A.R. Shipman; G.W.M. Millington


The British Journal of Dermatology. 2011;165(4):743-750. 

In This Article

Cutaneous Infections in the Obese

Cutaneous infections, including methicillin-resistant Staphylococcus aureus, are more common in those with an elevated BMI.[83] This may relate to the physical effects of larger skin folds[7] but may equally relate to the immunological alterations seen in the skin in the obese.[5,29,59,62,63] Friction and increased moisture in the deep skin creases lead to maceration and inflammation, so that intertrigo is a common association with obesity.[73,84] Poor mobility and inability to maintain adequate levels of hygiene may exacerbate this problem. For example, urinary incontinence may be more common in obese than nonobese women, exacerbating any tendency to infection and ulceration in the groins and genital area.[73]

Cellulitis occurs particularly in legs with coexisting lymphoedema.[85] This cellulitis can be particularly difficult to clear, as it may require higher initial doses of antibiotics than used normally (partly because of the higher BMI) and may also need prophylactic antibiotics to prevent recurrence.[85] Recurrent soft tissue bacterial infections in the damaged lymphatics lead to a condition called elephantiasis nostras verrucosa, which is particularly common in the obese.[86]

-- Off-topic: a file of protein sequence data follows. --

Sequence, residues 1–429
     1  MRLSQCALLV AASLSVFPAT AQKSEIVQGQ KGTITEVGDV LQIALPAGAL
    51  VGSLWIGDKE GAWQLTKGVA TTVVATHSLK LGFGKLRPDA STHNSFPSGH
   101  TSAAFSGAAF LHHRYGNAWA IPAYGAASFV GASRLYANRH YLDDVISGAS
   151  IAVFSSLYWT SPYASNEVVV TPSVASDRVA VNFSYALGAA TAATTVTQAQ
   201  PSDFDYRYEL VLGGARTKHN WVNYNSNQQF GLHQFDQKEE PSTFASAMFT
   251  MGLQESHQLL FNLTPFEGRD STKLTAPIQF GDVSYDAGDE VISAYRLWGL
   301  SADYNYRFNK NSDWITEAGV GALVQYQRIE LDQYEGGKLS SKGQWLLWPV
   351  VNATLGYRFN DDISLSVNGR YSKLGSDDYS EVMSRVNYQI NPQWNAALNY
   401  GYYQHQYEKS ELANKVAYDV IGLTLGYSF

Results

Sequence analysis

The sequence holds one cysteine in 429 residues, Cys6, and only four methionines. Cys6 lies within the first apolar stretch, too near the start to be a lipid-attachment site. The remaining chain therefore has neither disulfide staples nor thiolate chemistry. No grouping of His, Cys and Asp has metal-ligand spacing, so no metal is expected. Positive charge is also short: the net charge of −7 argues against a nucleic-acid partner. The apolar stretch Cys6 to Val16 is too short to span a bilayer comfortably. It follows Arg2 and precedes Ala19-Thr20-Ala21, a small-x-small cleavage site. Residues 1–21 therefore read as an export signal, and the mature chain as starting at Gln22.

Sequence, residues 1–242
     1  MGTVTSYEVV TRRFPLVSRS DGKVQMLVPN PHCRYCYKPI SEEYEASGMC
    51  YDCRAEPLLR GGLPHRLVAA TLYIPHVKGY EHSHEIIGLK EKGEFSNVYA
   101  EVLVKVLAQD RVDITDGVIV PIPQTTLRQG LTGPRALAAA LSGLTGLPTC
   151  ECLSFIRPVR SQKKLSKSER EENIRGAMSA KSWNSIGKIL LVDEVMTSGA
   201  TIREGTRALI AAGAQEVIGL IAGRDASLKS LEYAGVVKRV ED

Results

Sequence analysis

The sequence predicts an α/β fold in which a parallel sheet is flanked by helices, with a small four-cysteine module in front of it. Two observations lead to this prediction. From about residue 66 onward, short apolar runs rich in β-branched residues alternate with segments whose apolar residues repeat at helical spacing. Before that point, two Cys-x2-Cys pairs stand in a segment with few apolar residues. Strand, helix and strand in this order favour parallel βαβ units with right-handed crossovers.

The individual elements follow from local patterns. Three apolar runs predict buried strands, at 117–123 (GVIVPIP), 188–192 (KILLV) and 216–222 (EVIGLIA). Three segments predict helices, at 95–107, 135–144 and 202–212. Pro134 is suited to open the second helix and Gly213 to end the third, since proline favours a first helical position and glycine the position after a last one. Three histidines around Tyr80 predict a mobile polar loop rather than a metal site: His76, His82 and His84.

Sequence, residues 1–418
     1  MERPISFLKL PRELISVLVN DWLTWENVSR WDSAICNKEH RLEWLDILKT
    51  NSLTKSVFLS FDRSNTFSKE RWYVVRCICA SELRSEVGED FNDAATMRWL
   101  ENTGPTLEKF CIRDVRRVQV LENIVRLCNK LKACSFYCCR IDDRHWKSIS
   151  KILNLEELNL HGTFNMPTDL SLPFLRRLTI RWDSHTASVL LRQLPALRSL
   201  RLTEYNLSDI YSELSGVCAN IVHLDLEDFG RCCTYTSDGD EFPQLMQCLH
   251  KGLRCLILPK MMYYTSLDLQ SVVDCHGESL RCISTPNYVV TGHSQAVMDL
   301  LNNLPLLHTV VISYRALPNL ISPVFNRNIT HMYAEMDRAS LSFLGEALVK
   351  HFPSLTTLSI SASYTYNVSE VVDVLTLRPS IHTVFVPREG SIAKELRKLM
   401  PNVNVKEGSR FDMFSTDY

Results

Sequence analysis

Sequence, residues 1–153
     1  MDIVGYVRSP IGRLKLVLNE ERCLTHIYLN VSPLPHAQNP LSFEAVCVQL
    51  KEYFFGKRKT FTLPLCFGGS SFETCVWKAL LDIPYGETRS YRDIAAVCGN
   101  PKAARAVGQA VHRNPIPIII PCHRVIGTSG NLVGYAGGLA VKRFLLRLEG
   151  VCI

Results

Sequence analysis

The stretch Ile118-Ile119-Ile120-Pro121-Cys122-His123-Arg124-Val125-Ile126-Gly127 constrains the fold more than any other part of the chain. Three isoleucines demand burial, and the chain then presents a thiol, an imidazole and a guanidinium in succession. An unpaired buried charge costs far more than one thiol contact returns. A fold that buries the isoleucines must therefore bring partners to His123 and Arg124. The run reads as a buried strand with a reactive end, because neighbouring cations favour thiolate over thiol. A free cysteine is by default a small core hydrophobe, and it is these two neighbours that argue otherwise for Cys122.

Folliculitis, furunculosis and paronychia are problems encountered by many and increased incidence of Candida albicans is also associated with obesity.[22] Erythrasma (an infection caused by Corynebacterium minutissimum) occurs in the obese and superficial fungal infections including onychomycoses are also a problem, particularly if patients also have diabetes.[87] Less common infections include necrotizing fasciitis and gas gangrene.[7,22,88,89]


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